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Spread # 107- A Case Of ‘Artist’s Blah’ August 21, 2010

Posted by Orly in Uncategorized.

Creative block, literary constipation, artist’s blah…it is that maddening dreadful feeling that it’s over, the well of inspiration has run dry, there is no way out. We all experience it, randomly. Or so I thought until I discovered there is actually a method to this madness. Got to give in to the creative process, to really understand that inactivity is of crucial importance to the success of creativity, that there is no butterfly without spending some time in a cocoon, no flow without ebb, no growth without decline, and no wow without blah…my truth is that any block is a building block. Once you adopt that new belief, you’ll find yourself completely block free, guaranteed! You say it’s not that simple. Yes it is.


1. Kathryn - August 21, 2010

How true!
I think Edison said something like “It’s 10 % inspiration and 90% perspiration.” Once you get out to your work area, you’ll get SOMETHING done. It might not seem like much, or might seem like the worst thing you’ve ever done but once you’ve gotten it out of the way, you can move on.

2. Kathryn - August 21, 2010

P.S. I like the spread!

3. Lynn - August 21, 2010

Never seen “the block” dealt with quite so brilliantly! Job well done. Kudos.

4. Marilyn B. Jordan - August 21, 2010

I agree!! You speak the truth. Although when I’m in it (the blahs, the doldrums), sometimes the truth is not so apparent.

I like your spread. Is that a transfer you’ve done with the photo of the boy with block? Would you mind sharing what transfer process you used? Thanks!

5. Dreaming Bear - August 21, 2010

Very cool pages!! I do tend to get frustrated when things don’t come to me the way I think they should. I get a little panicky with inactivity….good advice to remember to settle down and know that it will work itself out!!!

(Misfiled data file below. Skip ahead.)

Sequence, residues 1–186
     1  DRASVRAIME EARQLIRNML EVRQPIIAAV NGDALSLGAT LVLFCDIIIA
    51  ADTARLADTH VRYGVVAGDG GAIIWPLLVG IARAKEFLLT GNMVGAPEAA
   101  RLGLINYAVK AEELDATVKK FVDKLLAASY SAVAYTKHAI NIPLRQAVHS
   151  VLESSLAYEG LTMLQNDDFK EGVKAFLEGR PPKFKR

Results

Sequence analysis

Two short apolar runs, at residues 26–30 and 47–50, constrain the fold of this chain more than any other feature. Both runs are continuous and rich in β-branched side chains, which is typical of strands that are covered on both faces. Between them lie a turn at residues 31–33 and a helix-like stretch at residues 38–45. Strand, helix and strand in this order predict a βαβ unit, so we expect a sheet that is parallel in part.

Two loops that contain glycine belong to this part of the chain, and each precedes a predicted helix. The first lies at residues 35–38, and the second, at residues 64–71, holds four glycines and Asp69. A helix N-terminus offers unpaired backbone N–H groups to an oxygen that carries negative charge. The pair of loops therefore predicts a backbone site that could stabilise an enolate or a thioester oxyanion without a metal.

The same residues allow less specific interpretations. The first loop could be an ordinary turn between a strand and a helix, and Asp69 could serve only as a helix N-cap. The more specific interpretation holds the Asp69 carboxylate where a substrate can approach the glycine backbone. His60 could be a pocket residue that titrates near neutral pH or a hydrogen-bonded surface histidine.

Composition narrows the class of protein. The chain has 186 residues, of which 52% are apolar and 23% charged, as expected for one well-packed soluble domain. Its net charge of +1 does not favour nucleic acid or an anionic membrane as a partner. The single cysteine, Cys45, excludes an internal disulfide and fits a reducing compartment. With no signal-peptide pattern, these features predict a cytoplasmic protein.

6. the GyPsY - August 21, 2010

Wonderful! Love the spread and love the words. I seem to ebb and flow from one creative channel to another, when I can’t write, the crocheting explodes; and when I can’t draw, the writing explodes .. and on and on .. I’m learning to let it be what it is, and learning not to try to control it for, creativity, like me, loves to rebel against control.

7. Orly - August 21, 2010

Marilyn, Thanks for your comment. You asked about the photo transfer. I don’t mind sharing at all. My process is such that I scan in my physical journal pages and then work on the spread with Photoshop to further my visual idea. The photo transfer of me (as a young girl) is actually not a transfer at all. It is a scanned photo, manipulated with a filter and other application tools I use in Photoshop.

8. Ophelia - August 22, 2010

Your work is so awesome. Your blog is so inspiring!!!

9. apaperbear - August 22, 2010

Orly it was sooo wonderful to see part of this spread in real life before you published it here. This post is so awesome! You always have such a balanced appoach to life and art.

10. Gil Avineri - August 22, 2010


11. Seth - August 22, 2010